and endpoints in the reals and filling them in (though I know the construction doesn't do that).

    No, rather that "filling in gaps" [ie, partitioning known
    numbers] produces the reals and more. If the partitioning is
    ordered, you get numbers; if unordered, you get games [of which
    numbers are therefore a subset].

    I wonder if the lengths in TeX, which have 3 (IIRC) layers of infinities
    and infinitesimals, were invented as a kind of computer approximation to surreals?

    Pass. I've never used [and don't like] TeX; we had real
    experts in typography in my dept [consultants for major academic
    publishers, exam boards, etc], and some of that rubbed off. They
    disliked the "look" of Knuth's books, and even more so that we
    kept being told that TeX knows best. They devoted their time to
    tweaking Troff, which takes a more pragmatic view [and some of
    the tweaks found their way back into "official" Troff]. I also
    quite like Lout, FWIW.

    [...]
    All sorts of maths that is esoteric to most people has some odd
    application or two. That is often what makes it interesting.

    /All/ maths is esoteric to most people! A large majority
    don't even know that there is maths beyond arithmetic, apart from
    the algebra [etc] that never made any sense at all to them.

    --
    Andy Walker, Nottingham.
    Andy's music pages: www.cuboid.me.uk/andy/Music
    Composer of the day: www.cuboid.me.uk/andy/Music/Composers/Boccherini

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  • From David Brown@21:1/5 to Andy Walker on Fri Dec 3 18:49:25 2021
    On 03/12/2021 17:26, Andy Walker wrote:
    On 03/12/2021 14:38, David Brown wrote:
    Rationals are easier when you have 0 :
         ℚ = { p / q : p, q ∈ ℤ, q > 0 }
    vs.
         ℚ = { p / q : p, q ∈ ℕ⁺  } ∪ { 0 } ∪ { -p / q : p, q ∈ ℕ⁺  }

        Or vs ℚ = { p, q : p ∈ ℤ, q ∈ ℕ }.


    ℕ is ambiguous - you need to write something like ℕ⁺ unless it is clear from earlier. While it is quite easy to write ℕ⁺, there is no good argument for suggesting it is noticeably simpler than using ℤ, nor any special case handling for 0.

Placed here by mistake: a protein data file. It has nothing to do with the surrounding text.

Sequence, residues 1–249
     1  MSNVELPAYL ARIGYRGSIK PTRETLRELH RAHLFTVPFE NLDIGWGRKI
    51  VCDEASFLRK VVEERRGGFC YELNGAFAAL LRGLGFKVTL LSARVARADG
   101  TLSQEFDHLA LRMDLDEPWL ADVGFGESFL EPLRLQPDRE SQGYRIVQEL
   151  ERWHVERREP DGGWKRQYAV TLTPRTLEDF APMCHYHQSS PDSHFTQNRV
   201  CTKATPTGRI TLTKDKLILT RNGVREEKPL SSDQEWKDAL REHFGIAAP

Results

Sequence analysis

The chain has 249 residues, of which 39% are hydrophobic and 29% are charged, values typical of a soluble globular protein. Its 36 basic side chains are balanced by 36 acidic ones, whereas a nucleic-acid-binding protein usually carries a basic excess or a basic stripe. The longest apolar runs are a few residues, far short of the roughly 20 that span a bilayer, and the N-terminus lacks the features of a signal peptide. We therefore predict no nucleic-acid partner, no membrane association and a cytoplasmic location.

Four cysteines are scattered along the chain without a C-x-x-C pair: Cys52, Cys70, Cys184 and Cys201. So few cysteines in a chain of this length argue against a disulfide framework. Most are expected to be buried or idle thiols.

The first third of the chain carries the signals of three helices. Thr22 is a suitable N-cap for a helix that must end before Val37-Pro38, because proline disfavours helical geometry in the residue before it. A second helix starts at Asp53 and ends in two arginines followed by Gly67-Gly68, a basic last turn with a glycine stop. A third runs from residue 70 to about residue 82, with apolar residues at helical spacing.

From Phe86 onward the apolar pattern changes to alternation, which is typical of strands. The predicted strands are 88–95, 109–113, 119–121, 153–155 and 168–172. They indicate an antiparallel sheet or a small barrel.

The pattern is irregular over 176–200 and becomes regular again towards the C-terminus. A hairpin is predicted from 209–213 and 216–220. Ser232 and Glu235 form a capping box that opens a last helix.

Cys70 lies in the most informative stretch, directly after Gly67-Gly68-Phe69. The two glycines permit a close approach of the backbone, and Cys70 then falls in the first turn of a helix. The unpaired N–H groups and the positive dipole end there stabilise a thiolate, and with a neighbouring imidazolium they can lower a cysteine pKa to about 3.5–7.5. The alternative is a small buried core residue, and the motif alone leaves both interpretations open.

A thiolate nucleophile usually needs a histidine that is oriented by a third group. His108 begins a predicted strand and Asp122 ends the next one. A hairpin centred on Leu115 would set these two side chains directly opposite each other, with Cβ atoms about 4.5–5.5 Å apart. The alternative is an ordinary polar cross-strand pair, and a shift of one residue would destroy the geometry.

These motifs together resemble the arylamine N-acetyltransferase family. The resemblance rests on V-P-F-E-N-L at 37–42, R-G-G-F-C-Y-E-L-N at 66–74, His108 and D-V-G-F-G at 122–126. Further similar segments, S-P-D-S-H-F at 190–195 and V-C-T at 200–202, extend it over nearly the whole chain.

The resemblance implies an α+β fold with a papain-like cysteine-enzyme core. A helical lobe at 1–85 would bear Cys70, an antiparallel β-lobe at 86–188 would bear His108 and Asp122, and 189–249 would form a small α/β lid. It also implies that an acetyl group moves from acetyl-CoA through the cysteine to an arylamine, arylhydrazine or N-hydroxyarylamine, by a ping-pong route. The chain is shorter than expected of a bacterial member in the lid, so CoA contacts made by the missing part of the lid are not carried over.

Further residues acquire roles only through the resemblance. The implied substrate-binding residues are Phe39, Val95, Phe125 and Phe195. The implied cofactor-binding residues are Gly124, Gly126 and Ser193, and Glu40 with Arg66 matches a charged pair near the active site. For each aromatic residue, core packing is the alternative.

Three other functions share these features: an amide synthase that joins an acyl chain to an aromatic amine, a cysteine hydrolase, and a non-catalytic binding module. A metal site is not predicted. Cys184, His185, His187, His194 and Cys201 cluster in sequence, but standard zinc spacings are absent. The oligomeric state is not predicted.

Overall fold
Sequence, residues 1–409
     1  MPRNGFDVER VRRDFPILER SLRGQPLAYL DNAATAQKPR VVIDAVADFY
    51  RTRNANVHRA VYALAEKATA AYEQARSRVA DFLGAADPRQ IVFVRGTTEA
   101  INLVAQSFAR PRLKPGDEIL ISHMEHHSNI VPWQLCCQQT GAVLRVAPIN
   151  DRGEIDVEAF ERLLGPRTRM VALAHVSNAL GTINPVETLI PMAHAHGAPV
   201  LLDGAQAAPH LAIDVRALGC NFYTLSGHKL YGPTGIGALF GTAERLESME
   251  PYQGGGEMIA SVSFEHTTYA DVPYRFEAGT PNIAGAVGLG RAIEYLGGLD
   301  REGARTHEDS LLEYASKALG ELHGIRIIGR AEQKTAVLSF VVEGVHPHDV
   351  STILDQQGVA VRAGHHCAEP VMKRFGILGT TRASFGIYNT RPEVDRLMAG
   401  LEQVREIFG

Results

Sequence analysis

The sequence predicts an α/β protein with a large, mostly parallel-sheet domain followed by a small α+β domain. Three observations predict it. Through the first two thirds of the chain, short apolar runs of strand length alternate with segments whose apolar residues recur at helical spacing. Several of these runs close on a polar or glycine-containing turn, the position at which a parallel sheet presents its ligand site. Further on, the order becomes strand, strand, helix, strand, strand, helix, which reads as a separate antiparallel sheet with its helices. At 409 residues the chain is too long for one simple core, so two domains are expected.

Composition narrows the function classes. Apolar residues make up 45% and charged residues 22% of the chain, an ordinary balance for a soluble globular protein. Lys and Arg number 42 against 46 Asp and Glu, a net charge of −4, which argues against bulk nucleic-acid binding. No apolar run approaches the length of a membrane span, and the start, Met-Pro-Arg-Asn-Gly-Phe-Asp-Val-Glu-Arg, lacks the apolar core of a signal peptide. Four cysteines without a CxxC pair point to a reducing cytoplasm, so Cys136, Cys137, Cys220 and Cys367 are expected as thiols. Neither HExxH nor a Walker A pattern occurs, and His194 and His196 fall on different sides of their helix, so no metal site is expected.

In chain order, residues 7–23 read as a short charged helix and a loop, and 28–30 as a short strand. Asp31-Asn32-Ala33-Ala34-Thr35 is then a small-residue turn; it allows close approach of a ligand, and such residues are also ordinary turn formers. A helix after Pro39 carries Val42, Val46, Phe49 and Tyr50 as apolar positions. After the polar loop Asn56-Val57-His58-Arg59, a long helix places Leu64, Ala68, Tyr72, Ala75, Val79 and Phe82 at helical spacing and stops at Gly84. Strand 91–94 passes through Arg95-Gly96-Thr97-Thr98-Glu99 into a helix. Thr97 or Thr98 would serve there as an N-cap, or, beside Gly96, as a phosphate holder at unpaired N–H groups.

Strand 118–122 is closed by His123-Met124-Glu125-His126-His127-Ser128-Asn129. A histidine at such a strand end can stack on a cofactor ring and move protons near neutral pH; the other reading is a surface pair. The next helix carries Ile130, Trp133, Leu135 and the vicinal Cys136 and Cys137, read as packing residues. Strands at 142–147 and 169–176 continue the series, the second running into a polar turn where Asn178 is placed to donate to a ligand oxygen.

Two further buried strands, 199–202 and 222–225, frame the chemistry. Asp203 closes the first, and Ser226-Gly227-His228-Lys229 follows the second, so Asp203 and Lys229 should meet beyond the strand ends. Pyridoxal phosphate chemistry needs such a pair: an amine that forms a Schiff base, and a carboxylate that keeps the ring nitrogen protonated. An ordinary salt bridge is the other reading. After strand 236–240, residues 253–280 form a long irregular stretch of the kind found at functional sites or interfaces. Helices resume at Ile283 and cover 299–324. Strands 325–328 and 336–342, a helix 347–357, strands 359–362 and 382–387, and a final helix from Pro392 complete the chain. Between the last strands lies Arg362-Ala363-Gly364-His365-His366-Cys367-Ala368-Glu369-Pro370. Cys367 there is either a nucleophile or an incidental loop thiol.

[...] But calling the additive identity "0" or
    "1" /does/ matter, because one choice makes sense and the other choice
    is pointlessly confusing.  (The definition of addition does not actually
    require an identity.)

        No-one calls the additive identity 1, esp as it's not even
    useful until you get to much more advanced maths, by which time you
    already have 0 [part of ℤ, defined by equivalence classes of pairs
    of members of ℕ].

    You wrote:

    I don't see "a + 1 == a'" as interestingly harder than
    "a + 0 = a". In some ways it's easier;


    Presumably then that was a typo. (Fair enough, we all do that.)


    [...] In my experience (as someone
    with a degree in mathematics and theoretical computing, [...].

        No such thing when I was a student!

    I had thought of surreals as trying to find gaps
    and endpoints in the reals and filling them in (though I know the
    construction doesn't do that).

        No, rather that "filling in gaps" [ie, partitioning known
    numbers] produces the reals and more.  If the partitioning is
    ordered, you get numbers;  if unordered, you get games [of which
    numbers are therefore a subset].

    I wonder if the lengths in TeX, which have 3 (IIRC) layers of infinities
    and infinitesimals, were invented as a kind of computer approximation to
    surreals?

        Pass.  I've never used [and don't like] TeX;  we had real
    experts in typography in my dept [consultants for major academic
    publishers, exam boards, etc], and some of that rubbed off.  They
    disliked the "look" of Knuth's books, and even more so that we
    kept being told that TeX knows best.  They devoted their time to